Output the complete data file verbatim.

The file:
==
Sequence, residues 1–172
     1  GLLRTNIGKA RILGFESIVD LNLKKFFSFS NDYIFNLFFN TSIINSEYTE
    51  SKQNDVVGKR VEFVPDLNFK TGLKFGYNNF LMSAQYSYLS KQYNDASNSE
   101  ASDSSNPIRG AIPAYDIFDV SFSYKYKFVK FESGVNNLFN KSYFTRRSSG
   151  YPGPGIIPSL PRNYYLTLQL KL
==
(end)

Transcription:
Sequence, residues 1–172
     1  GLLRTNIGKA RILGFESIVD LNLKKFFSFS NDYIFNLFFN TSIINSEYTE
    51  SKQNDVVGKR VEFVPDLNFK TGLKFGYNNF LMSAQYSYLS KQYNDASNSE
   101  ASDSSNPIRG AIPAYDIFDV SFSYKYKFVK FESGVNNLFN KSYFTRRSSG
   151  YPGPGIIPSL PRNYYLTLQL KL